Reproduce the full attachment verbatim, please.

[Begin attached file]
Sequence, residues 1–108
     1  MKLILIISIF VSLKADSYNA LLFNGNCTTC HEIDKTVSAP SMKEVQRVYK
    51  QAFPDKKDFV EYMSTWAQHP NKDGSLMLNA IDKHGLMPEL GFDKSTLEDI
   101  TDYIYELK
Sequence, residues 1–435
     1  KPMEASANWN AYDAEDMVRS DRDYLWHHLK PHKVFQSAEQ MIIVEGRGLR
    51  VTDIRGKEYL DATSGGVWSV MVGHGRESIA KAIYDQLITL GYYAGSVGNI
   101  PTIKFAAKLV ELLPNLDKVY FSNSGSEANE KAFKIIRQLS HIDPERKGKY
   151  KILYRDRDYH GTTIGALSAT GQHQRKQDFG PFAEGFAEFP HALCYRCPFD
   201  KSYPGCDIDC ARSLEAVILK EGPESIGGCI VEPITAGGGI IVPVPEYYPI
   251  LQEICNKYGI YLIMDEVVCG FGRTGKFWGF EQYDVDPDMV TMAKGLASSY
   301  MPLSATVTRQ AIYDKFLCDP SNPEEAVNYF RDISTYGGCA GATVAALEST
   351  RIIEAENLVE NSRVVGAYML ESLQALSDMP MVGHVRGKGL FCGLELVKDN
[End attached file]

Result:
Sequence, residues 1–108
     1  MKLILIISIF VSLKADSYNA LLFNGNCTTC HEIDKTVSAP SMKEVQRVYK
    51  QAFPDKKDFV EYMSTWAQHP NKDGSLMLNA IDKHGLMPEL GFDKSTLEDI
   101  TDYIYELK
Sequence, residues 1–435
     1  KPMEASANWN AYDAEDMVRS DRDYLWHHLK PHKVFQSAEQ MIIVEGRGLR
    51  VTDIRGKEYL DATSGGVWSV MVGHGRESIA KAIYDQLITL GYYAGSVGNI
   101  PTIKFAAKLV ELLPNLDKVY FSNSGSEANE KAFKIIRQLS HIDPERKGKY
   151  KILYRDRDYH GTTIGALSAT GQHQRKQDFG PFAEGFAEFP HALCYRCPFD
   201  KSYPGCDIDC ARSLEAVILK EGPESIGGCI VEPITAGGGI IVPVPEYYPI
   251  LQEICNKYGI YLIMDEVVCG FGRTGKFWGF EQYDVDPDMV TMAKGLASSY
   301  MPLSATVTRQ AIYDKFLCDP SNPEEAVNYF RDISTYGGCA GATVAALEST
   351  RIIEAENLVE NSRVVGAYML ESLQALSDMP MVGHVRGKGL FCGLELVKDN